The Antelope Canyon Ultra marathon returned to Page this weekend and people from all over the world lined up at the start line to test their endurance on one of the area’s toughest terrains.
There were four different races: 100- and 50-miler, 55K (34.1 miles), and half marathon (13.1 miles).
While the world was tucked away in their beds, 82 people met at the start line at Page Amphitheater at 5 a.m. to see if they could finish 100 miles by Sunday afternoon.
People from the far corners of the world journeyed to Page to not only run, but also to see the beautiful landscapes and enjoy the cultures of the Navajo people. Antons Kranga, 37, journeyed from Riga, Latvia, a city set on the Baltic Sea at the mouth of the River Daugava.
“I always wanted to run in the desert. I thought it was an impossible dream. I think it looks amazing here,” Kranga said, “the colors of the land and I got to fulfill my dream. I discovered many things and I like the way the local people from [small town America] treats visitors. When I found [a booking] for the trip here I texted my coach to get me ready for this adventure.”
Kranga says that he wasn’t expecting to gain a spiritual experience.
“I could feel the spirit of this place,” he said as he held a hand over his heart. “When I was running I was waving to the eagles. I had seen eagles!”
As soon as Kranga finished the 50-miler, he put on a volunteer shirt to help the incoming runners. He finished ninth with a time of 8:53.
“In Latvia we have a tradition. If you come in first or last you run in with the runners [at the finish line],” he added.
Kranga stayed the whole night and even helped racers until midnight by running with them and then escorted them to the medical tent or brought them water.
The annual race hosted by Vacation Races had nearly 2,000 people registered. Over 15 countries and 47 states participated with 82 percent of the runners experiencing their first time running Antelope Canyon.
Lyle Anderson, one of the race directors, said, “We’re grateful (for) the [runners] that came out to run with us and to share in the beauty of the land. It’s a gift to run in the one of the most beautiful places. We also thank the people of Page and the Navajo people for allowing us to come here.”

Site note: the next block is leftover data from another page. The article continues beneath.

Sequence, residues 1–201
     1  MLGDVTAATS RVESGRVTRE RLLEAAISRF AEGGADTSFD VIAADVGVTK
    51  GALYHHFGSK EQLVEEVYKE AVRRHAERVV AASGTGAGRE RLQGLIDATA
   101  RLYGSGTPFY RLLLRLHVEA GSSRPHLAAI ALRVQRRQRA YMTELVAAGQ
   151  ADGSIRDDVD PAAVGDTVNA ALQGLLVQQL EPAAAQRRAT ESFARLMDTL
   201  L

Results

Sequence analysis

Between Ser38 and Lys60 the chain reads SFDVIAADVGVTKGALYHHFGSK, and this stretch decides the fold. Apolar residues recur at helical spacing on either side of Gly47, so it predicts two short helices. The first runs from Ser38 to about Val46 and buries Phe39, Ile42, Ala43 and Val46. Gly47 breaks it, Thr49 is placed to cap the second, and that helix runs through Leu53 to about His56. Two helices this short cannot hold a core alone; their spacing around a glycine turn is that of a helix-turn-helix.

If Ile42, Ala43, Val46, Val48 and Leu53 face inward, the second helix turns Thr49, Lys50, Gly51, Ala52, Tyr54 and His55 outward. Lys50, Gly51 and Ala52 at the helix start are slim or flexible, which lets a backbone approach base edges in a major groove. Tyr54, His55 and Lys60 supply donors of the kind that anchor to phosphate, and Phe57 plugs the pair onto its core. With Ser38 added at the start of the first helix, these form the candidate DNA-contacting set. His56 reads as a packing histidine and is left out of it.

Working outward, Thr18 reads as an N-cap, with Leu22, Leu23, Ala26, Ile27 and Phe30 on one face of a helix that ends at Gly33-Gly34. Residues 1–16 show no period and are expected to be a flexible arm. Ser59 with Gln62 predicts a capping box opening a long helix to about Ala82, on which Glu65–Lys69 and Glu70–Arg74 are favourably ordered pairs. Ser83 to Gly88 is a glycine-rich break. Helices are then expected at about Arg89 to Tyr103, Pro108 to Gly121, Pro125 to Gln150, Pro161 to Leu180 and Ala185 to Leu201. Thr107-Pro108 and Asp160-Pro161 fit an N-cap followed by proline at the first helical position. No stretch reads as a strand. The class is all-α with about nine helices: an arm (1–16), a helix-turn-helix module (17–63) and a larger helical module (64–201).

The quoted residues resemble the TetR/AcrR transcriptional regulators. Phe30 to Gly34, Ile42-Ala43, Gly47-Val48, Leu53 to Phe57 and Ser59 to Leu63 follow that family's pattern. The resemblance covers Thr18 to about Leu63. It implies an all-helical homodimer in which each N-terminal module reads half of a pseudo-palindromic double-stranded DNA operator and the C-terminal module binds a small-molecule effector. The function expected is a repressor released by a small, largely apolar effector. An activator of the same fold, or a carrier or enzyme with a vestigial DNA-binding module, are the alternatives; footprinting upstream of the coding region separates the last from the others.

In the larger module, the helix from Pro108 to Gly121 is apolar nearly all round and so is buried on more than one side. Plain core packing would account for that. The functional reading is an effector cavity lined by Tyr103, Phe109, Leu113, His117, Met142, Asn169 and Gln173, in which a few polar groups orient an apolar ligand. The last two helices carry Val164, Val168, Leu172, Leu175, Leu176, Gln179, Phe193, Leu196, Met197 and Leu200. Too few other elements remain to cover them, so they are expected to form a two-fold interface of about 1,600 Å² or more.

Anderson said they had a good race due to minimal medical needs, the worst being a fall in the first lap of the half, then a twisted ankle after the sun had set. There were only a few runners who suffered dehydration or exhaustion. But most of the medical needs were the blisters from long distances on a rough terrain.
“It’s been a smooth day,” he said on Saturday night as many of the runners were still coming in.
Last year’s 100-miler winner was Tonalea-Red Lake, Arizona, native Randolph Curley, Navajo, who participated again this year to see if he could meet his prior time. Last year Curley set the record with a time of 21:55, but by the end of the first lap (20-25 miles) of the 100 mile course, he was struggled with his knee.
The course stretched around the Rimview Trail into the Horseshoe Bend trail that headed into the Antelope Slot Canyon then back up into Page. The course finished at the Page Amphitheater.
“I think I’m going to have to stop,” Curley said at the Lake View checkpoint. He also admitted he just ran the Monument Valley Ultra just days before and he felt he needed to have his knee checked. Curley put his health first to run another day.
Curley’s 100 mile record was broken within a minute by Joseph Taylor from Salt Lake City with a time of 20:12. The second place winner was Gerald Blumrich from Kempten, Germany. Third place finisher was André Michaud from Grand Junction, Colorado.
Taylor, Blumrich, and Michaud were presented with commemorative plates to highlight their accomplishment. Many times people run these marathons for personal challenges and finishing the race is the reward. For their accomplishment, every runner is presented with the signature bottle of red sand or with a medals for participation.
Part of the event also allows runners to help raise funds for local foundations. This year Vacation races set aside 50 charity bibs to help NavajoYES receive a donation of $21,300. The Shonto, Arizona-based NavajoYES program also hosts races on the Navajo Nation, as well as projects geared towards youth participation in physical fitness activities and charitable events.
The Antelope Canyon Ultra is one of many annual ultra races that Vacation Races coordinates in the Grand Circle area.